I loved the opportunity to sing harmony with so many different voices. Harmony has always come naturally to me. It’s easier for me than singing a lead part. I can even hear multiple parts in my head at once. I can’t remember ever not singing and learned to sing harmony first. I actually had to teach myself to stay on the lead and not automatically harmonize. Singing with Paul was interesting because he struggled with harmony. As soon as he noticed my part, he’d start singing that, then I would quickly veer off into something else. We ended up having a style that wound back and forth between lead and harmony. We got a lot of compliments on our unique vocal style. People surmised that it took a lot of choreography, but it was actually just endless adjustments on my part. It kept me on my toes being both challenging and fun and helped make me a better singer.
Meanwhile our fan Andy, who had introduced us to this crew, kept raving about how we should meet his dad. Andy was younger than us, but not that much younger. We weren’t sure about meeting his dad. We were hippies from the era of “never trust anyone over 30.” Ron was a professor of ecological studies at Hudson Valley Community College. It sounded a little too mainstream for us, but we agreed to go for dinner. It turned out that Ron was a percussionist, playing mostly congas. He also loved the growing music technology and started recording some of our shows and rehearsals both on audio and video. Paul and I were not archivists, except for our piles of sheet music, lyrics, song ideas, set lists and half-filled notebooks. This was a new world for us. Ron soon joined our expanding musical family. This was the core of General Eclectic. Others would come and go, but these guys stuck with us for a long time.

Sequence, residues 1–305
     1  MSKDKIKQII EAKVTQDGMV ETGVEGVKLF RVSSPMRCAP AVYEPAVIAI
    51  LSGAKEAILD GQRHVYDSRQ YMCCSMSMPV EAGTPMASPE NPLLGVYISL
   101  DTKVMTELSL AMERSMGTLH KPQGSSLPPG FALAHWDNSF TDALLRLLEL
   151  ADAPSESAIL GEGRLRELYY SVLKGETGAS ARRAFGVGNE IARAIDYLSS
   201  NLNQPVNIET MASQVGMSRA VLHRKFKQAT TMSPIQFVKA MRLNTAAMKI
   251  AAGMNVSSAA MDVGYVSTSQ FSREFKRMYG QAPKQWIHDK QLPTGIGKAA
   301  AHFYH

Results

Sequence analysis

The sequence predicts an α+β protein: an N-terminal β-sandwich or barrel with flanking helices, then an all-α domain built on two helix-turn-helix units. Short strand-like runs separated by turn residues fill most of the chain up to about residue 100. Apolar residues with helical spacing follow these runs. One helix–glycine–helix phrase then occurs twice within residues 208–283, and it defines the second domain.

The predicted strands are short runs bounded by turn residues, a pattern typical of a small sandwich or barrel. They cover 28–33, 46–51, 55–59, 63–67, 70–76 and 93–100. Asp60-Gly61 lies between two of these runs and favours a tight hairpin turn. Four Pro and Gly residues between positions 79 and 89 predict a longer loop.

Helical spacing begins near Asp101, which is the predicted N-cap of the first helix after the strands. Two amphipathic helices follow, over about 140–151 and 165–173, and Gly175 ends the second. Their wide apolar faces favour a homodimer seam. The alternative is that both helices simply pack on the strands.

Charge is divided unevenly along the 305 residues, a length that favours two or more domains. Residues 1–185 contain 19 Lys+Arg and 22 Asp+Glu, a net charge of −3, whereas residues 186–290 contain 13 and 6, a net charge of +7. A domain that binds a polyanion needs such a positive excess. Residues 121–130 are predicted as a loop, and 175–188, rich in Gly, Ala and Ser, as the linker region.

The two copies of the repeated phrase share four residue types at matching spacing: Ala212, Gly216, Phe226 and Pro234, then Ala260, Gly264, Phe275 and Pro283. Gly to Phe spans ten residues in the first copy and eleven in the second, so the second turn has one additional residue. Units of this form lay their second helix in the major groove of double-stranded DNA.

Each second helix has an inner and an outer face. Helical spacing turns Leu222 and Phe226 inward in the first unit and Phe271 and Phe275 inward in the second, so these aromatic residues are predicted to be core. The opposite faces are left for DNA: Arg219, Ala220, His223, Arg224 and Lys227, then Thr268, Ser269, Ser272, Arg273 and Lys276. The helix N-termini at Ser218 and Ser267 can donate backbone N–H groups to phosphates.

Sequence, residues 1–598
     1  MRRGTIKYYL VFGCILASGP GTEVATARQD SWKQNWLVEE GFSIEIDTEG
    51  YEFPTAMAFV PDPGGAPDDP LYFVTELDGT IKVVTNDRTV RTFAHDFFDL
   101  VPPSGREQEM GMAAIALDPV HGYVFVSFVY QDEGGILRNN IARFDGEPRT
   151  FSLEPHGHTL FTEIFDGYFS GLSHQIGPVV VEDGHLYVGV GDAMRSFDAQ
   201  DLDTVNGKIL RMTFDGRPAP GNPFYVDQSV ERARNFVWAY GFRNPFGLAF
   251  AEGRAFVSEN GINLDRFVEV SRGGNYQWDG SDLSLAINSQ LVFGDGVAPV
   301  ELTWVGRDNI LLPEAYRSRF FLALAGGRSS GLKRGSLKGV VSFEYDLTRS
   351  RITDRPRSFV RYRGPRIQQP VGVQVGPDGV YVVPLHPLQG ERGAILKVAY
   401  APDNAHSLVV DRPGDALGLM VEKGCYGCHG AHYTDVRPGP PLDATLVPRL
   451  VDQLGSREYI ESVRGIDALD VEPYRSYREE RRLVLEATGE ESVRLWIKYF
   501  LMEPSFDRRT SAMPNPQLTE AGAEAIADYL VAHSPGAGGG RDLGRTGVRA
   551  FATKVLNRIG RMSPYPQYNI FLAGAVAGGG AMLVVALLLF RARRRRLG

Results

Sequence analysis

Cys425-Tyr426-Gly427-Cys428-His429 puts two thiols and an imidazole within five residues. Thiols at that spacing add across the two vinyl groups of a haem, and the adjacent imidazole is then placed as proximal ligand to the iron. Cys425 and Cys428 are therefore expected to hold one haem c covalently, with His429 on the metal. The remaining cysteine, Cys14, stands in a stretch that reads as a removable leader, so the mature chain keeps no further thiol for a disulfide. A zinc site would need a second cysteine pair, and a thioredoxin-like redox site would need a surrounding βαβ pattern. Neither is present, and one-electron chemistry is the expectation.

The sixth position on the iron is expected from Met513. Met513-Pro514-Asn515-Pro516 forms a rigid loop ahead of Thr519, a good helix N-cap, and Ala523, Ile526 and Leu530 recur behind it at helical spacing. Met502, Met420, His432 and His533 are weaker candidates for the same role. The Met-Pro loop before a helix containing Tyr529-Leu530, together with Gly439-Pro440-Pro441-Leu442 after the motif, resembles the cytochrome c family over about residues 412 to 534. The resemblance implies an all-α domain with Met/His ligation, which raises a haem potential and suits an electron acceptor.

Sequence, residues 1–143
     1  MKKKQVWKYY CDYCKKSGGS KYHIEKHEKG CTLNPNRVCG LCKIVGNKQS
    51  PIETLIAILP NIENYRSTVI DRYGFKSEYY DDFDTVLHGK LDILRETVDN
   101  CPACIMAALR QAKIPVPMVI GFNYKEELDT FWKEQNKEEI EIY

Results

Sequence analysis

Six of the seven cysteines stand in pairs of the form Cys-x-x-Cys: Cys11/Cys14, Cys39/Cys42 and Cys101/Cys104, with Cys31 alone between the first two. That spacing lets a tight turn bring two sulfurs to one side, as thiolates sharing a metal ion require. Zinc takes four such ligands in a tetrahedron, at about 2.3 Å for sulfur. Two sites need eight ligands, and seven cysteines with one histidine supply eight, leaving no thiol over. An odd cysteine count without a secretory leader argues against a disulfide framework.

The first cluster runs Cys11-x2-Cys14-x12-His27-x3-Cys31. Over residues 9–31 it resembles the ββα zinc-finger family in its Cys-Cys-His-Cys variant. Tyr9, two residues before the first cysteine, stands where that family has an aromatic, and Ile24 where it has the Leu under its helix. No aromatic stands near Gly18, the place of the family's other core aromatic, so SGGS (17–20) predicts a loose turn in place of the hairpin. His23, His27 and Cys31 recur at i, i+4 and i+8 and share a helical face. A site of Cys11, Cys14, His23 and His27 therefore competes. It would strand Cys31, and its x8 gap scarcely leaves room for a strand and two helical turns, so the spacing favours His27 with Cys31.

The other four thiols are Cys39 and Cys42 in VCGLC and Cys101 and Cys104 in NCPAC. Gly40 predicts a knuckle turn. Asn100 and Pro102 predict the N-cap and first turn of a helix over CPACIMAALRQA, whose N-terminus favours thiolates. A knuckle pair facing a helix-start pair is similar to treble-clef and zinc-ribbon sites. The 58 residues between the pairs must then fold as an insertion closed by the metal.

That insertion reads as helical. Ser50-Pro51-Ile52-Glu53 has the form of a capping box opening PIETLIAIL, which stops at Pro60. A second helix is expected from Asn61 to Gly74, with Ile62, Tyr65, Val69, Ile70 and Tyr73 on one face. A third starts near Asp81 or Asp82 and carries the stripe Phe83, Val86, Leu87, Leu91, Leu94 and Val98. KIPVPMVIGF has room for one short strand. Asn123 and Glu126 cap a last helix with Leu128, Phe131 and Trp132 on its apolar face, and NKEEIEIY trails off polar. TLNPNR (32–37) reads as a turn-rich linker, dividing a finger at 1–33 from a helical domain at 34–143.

We needed to find a bass player. I met Rudd Young at Hilton Music in Troy when I gave lessons there on Saturdays. He filled in on bass for a while. I forget who the drummer was then. We had different folks drop in here and there who didn’t last long. Not a lot of people understood the whole eclectic vibe we were going for. I find the same thing today. Many musicians have a niche and are quite comfortable in that niche. Maybe I get bored easily. I know that I’ve never seemed to fit into any category whether in my musical life or my personal life. I think Rudd stopped working with us because we couldn’t find a permanent drummer. It all gets a little hazy. We were starting to get into that rut of not being able to book gigs because we didn’t have all of the pieces and not being able to get the pieces together because there weren’t any gigs. Eventually we met John Whipple who filled in on bass. He added to the eclectic nature of the band in a visual way. Paul, Ron, Andy and I all had a definite hippie vibe, but John looked like he was from down on the farm, a clean cut all American boy. He was eighteen years old, with a youthful enthusiasm and full of dreams of grandeur. His musical tastes bisected with ours, while still bringing fresh ideas. He also was a photographer adding another thing that we were lacking back then, photos of the band.